WASHINGTON, D.C. -- More Americans who own credit cards say they always pay the full amount of their credit card balance (48%) than did so in the years before the 2008-2009 Great Recession. The 33% of credit card holders who say they leave a balance each month is a record low since Gallup began measuring these habits periodically in 2001.
The 64% of Americans who always or usually pay the full amount of their credit card balance is the highest Gallup has recorded. These results suggest that American credit card owners are more fiscally responsible than they were in the 2000s when it comes to paying their credit card balance each month.
Number of Credit Cards Americans Own at All-Time Low
The number of credit cards Americans say they own is, on average, lower than it has been since Gallup began asking about this segment of financial life. The 29% of Americans who do not own any credit cards is up from 22% in 2008. On the opposite end of the spectrum, those who say they have seven or more cards is at 7%.
Overall, Americans have an average of 2.6 cards, including those who say they have no credit cards. For credit card owners, the average is 3.7 cards. The figure among all Americans is the lowest Gallup has recorded.
Average American's Credit Card Debt $500 Less Than in 2006, 2008
Overall, Americans, including those who do not own a card, carry an average of $2,426 in credit card debt, more than $500 less than what they said in 2008, and the lowest Gallup has recorded. Among credit card owners, that balance is $3,573, down almost $300 from 2008 but about $150 higher than in 2006. This suggests that the amount of overall debt for credit card owners has not changed much compared with 2006, and the decline among all Americans is mainly because fewer Americans own credit cards.
Americans are less reliant on credit cards than in the past. They are carrying less credit card debt overall, own fewer cards, and are more likely now to say they always or usually pay their full balances every month. This suggests that credit cards -- a staple of American consumer life for decades -- might not be as vital a financial tool to individuals as they had been in the 1990s and 2000s, when Americans often used their credit cards to make ends meet. As a result of the Great Recession, however, credit card companies raised interest rates for many cardholders, which may have altered Americans' spending and credit card habits.
Additionally, it may be harder now for Americans to get approval for credit cards as banks and businesses impose stricter rules and lower credit limits. The credit card industry is still experiencing difficulties in expanding after the recession, as Americans pay off more of their balances. Also, people in the U.S. have shown they prefer saving more than spending in recent years, which may also account for the decline in their reliance on credit cards.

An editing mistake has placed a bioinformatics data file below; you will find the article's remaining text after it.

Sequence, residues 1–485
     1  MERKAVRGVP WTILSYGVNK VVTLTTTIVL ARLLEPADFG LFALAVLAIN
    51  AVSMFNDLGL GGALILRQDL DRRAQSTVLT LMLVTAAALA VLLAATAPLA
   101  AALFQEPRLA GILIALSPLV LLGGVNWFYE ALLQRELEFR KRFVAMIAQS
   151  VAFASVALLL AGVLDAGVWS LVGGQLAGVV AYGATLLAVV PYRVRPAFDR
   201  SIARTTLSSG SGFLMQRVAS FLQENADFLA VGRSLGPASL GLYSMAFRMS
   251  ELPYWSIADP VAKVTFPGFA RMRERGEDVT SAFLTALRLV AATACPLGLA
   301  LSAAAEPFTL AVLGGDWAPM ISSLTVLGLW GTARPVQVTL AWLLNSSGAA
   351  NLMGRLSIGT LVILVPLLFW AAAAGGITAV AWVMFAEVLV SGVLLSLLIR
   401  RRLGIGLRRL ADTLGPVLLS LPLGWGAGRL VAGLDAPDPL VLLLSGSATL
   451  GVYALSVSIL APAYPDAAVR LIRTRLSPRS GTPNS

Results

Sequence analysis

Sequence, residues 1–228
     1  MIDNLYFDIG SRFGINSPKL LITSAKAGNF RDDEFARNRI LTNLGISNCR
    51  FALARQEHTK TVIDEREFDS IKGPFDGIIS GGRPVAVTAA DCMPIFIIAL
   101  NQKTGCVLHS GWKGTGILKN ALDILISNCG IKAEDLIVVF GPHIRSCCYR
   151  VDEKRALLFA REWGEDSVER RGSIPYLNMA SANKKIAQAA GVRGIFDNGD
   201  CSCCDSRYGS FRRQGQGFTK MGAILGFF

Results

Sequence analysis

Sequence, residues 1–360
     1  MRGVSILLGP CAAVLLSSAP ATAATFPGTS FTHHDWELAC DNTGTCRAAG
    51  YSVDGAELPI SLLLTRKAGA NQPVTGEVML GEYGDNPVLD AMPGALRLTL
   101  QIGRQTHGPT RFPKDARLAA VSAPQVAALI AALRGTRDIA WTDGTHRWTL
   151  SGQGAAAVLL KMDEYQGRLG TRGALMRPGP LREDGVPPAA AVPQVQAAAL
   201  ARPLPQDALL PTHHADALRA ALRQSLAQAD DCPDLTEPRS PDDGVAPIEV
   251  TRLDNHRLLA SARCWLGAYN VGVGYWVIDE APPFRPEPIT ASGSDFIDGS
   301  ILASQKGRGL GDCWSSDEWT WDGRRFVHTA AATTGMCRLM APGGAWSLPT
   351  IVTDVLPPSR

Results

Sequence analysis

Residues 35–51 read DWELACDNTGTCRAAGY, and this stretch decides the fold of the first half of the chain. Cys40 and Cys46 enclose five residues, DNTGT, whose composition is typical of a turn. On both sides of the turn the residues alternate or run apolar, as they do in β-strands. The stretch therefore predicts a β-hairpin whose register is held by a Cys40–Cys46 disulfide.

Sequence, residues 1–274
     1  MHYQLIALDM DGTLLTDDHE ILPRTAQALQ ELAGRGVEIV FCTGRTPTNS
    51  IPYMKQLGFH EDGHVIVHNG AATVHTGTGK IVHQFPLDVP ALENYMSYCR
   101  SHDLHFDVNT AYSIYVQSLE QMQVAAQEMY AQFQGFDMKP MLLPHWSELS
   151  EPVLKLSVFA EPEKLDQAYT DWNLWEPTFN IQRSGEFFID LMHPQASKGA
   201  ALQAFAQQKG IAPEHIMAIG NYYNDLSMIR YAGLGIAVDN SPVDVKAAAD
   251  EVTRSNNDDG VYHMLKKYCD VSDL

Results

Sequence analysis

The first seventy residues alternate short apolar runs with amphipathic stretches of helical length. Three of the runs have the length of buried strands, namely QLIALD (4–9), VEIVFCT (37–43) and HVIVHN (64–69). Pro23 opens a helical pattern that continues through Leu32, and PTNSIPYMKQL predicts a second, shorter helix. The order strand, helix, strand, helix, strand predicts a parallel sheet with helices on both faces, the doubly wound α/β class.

Results for this Gallup poll are based on telephone interviews conducted April 3-6, 2014, with a random sample of 1,026 adults, aged 18 and older, living in all 50 U.S. states and the District of Columbia.
For results based on the total sample of national adults, the margin of sampling error is ±4 percentage points at the 95% confidence level.
For results based on the total sample of 765 credit card owners, the margin of sampling error is ±4 percentage points at the 95% confidence level.
Interviews are conducted with respondents on landline telephones and cellular phones, with interviews conducted in Spanish for respondents who are primarily Spanish-speaking. Each sample of national adults includes a minimum quota of 50% cellphone respondents and 50% landline respondents, with additional minimum quotas by time zone within region. Landline and cellular telephone numbers are selected using random-digit-dial methods. Landline respondents are chosen at random within each household on the basis of which member had the most recent birthday.
Samples are weighted to correct for unequal selection probability, nonresponse, and double coverage of landline and cell users in the two sampling frames. They are also weighted to match the national demographics of gender, age, race, Hispanic ethnicity, education, region, population density, and phone status (cellphone only/landline only/both, and cellphone mostly). Demographic weighting targets are based on the most recent Current Population Survey figures for the aged 18 and older U.S. population. Phone status targets are based on the most recent National Health Interview Survey. Population density targets are based on the most recent U.S. census. All reported margins of sampling error include the computed design effects for weighting.
In addition to sampling error, question wording and practical difficulties in conducting surveys can introduce error or bias into the findings of public opinion polls.
For more details on Gallup's polling methodology, visit www.gallup.com.